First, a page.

Judge In Harney County, Oregon Must Rule On A Disputed Gun Measure By Tuesday

Disputed Gun Measure: On Tuesday, January 3, a judge in Harney County will make a ruling on whether to temporarily halt the implementation of Measure 114. The proposed legislation would close a legal loophole that currently permits weapons to be sold by dealers before a background check clears if the buyer doesn’t provide a social security number.

Oregon Must Rule On A Disputed Gun Measure By Tuesday

On Tuesday, January 3rd, a Harney County Circuit judge will rule on whether or not to close a loophole that permits gun buyers in Oregon to receive weapons from dealers if background checks take longer than three days to complete.

Voters in Oregon passed Measure 114 in November to close that loophole and make it illegal for buyers to receive weapons from a dealer before the background check submitted to law enforcement is cleared. Legal objections against the measure’s legality have temporarily halted its implementation.

Read More:-

After hearing arguments from both sides, Judge Robert Maschio said last week that he will issue a ruling by 5 p.m. on January 3.

The goal of Measure 114 is to avoid mass shootings like the one in which nine people were slain in a church in Charleston, South Carolina in 2015. The gunman in that case had a criminal record that would have barred him from purchasing a firearm, but his background check was delayed. Since then, the issue of whether or not to close the so-called “Charleston loophole” has been front and center in legislative and electoral discussions regarding gun control.

Federal Court. U.S. District Judge Opinion
Federal Court. U.S. District Judge Opinion

The case has put a stop to other aspects of Measure 114. Included in these measures is a new permission system that mandates applicants go through training that includes live fire exercises, and a prohibition on the sale of high-capacity magazines that hold more than 10 rounds. The anticipated ruling by Raschio will not affect such provisions.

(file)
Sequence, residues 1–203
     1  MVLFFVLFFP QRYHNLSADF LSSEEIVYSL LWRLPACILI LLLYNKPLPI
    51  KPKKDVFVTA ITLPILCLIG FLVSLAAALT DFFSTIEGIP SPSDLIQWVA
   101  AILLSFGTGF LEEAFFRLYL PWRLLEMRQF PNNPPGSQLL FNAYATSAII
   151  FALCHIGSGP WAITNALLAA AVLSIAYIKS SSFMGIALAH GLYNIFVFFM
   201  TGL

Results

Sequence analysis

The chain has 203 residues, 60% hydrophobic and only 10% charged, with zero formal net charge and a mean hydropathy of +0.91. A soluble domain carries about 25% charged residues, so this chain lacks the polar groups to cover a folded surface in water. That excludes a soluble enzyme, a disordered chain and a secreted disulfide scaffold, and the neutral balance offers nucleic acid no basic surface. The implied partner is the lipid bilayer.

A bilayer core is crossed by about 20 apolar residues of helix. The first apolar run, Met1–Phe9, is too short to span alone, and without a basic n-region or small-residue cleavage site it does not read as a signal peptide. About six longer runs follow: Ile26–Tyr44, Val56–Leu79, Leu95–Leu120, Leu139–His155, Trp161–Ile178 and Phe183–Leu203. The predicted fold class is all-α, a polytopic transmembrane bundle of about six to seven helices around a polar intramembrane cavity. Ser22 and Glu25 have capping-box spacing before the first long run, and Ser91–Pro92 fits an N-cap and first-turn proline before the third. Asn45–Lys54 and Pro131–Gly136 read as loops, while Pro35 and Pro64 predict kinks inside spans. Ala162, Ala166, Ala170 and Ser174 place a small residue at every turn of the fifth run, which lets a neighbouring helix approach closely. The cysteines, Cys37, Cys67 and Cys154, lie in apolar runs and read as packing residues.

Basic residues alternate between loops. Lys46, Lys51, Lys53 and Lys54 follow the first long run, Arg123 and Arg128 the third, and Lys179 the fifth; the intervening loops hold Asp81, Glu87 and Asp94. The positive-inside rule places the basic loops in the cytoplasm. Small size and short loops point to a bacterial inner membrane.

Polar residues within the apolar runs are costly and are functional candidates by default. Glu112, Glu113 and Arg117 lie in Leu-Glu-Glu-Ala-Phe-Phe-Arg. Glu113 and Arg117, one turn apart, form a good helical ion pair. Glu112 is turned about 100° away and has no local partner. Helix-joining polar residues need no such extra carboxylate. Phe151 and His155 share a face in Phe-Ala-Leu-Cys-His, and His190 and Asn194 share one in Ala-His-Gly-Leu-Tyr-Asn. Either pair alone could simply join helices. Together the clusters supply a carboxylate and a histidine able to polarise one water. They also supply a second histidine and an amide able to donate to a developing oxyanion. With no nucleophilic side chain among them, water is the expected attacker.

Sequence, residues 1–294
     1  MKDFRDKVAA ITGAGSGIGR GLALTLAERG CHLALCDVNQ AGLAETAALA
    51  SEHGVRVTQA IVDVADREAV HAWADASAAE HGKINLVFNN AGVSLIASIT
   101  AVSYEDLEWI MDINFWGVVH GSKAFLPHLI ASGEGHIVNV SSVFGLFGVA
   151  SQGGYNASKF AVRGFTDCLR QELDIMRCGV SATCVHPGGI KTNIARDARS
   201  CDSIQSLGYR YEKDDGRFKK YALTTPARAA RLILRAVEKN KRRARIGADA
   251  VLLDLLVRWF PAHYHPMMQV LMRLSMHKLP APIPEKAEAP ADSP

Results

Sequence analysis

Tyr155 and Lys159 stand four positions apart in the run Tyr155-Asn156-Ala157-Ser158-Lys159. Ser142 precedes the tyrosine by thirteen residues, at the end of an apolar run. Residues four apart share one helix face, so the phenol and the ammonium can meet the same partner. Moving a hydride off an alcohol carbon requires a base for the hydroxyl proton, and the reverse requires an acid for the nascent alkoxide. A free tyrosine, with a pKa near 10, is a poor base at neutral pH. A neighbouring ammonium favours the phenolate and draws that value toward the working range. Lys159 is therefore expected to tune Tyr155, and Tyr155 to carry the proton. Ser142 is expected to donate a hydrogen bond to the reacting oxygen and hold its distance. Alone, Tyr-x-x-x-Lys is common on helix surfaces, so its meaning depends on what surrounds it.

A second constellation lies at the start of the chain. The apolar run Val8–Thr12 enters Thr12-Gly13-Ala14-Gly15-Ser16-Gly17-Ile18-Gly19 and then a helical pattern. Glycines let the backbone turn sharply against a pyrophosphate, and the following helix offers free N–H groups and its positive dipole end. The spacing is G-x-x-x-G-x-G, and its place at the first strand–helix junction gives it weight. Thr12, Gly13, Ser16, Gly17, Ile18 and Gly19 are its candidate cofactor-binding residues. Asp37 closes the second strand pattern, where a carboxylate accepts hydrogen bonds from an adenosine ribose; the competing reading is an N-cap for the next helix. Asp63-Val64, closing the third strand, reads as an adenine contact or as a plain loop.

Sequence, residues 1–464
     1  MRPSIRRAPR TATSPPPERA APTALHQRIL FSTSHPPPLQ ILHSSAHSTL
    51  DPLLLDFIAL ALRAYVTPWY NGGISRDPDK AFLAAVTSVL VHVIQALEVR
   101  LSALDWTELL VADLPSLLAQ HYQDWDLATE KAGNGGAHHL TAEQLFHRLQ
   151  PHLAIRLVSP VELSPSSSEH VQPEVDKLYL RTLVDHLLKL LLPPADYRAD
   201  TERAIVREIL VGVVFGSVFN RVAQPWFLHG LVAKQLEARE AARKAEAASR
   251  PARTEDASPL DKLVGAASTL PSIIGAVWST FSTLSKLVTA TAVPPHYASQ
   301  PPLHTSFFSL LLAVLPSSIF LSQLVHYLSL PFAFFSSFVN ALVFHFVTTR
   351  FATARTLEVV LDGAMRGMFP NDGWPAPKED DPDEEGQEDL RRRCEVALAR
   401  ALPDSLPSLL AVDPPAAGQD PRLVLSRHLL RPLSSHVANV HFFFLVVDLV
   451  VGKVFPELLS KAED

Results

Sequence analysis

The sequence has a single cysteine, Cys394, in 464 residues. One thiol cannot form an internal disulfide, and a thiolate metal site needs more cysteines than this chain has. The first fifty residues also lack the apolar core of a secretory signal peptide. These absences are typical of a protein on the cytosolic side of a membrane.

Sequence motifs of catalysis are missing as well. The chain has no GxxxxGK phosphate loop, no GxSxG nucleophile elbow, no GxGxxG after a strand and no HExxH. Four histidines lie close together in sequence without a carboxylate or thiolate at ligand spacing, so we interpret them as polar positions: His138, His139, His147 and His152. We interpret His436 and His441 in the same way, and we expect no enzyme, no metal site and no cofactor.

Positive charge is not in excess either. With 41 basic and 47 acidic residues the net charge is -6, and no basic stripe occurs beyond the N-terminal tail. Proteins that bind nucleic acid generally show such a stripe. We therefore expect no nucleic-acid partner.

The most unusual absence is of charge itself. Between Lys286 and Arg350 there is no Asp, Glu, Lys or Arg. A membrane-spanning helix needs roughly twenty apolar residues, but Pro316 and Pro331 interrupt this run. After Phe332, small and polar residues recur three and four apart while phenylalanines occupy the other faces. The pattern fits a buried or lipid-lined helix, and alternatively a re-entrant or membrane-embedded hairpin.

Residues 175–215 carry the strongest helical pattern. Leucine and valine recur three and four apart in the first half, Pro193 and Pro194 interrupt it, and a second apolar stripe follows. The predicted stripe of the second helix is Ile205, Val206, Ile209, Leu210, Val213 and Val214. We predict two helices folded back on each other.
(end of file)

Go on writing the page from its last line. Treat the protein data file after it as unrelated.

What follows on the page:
The state of Oregon is being sued by the Virginia-based Gun Owners of America and its affiliated foundation, the Gun Owners Foundation, for the events that occurred in Harney County. Both Joseph Arnold and Cliff Asmussen, residents of Harney County, are also named as plaintiffs. On its website, Gun Owners of America boasts that it has more than 2 million members and advocates for the “freedom to keep and carry weapons without compromise” among gun owners.

Gun Owners And Dealers Situation

Critics of Measure 114 include gun owners, dealers, and some rural sheriffs who worry it would be impossible to implement and will drain resources from law enforcement. The plaintiffs’ attorney, Tony Aiello Jr., argued that the current system in the state, without the new measure, is constitutional because it gives gun dealers, not the state, the authority to decide whether or not to sell firearms to customers if a background check hasn’t been completed within three days.

Aiello said that because of the new law, “Oregonians have no guarantee whatsoever that their background checks would be timely.”

He pushed back on the label of “loophole,” noting that the current rule is meant to shield gun shops from liability and prevent excessive discretion from government employees in charge of background checks.

State private attorney Harry Wilson argued that the measure’s provision closing the three-day loophole should go into effect even as other sections of the law are being challenged in court. He argued that the court may strike down only the unlawful provisions, rather than having to suspend the entire statute.

U.S. District Judge opinion

A separate lawsuit challenging Measure 114 has been filed in federal court. U.S. District Judge Karin Immergut issued her opinion, in that case, earlier this month, saying that Oregon can defer the permission requirements until the state sets up a system. However, the restriction on sales of high-capacity magazines holding more than 10 rounds was upheld by Immergut and will go into effect on December 8.

The injunction issued by the court in Harney County was more binding than the federal one. Attorney General Ellen Rosenblum and the Oregon Department of Justice asked the Supreme Court to intervene, but it refused.

Read More:-

To develop a permission system, state officials have requested until March 7 from the federal court. After the state’s permitting system is up and running, the court in Harney County has promised to hear arguments from both parties.

You can visit focushillsboro.com for the latest information and news. If you have any queries or suggestions can put them in our comment section.

About The Author

Leave a Comment

Your email address will not be published. Required fields are marked *

Scroll to Top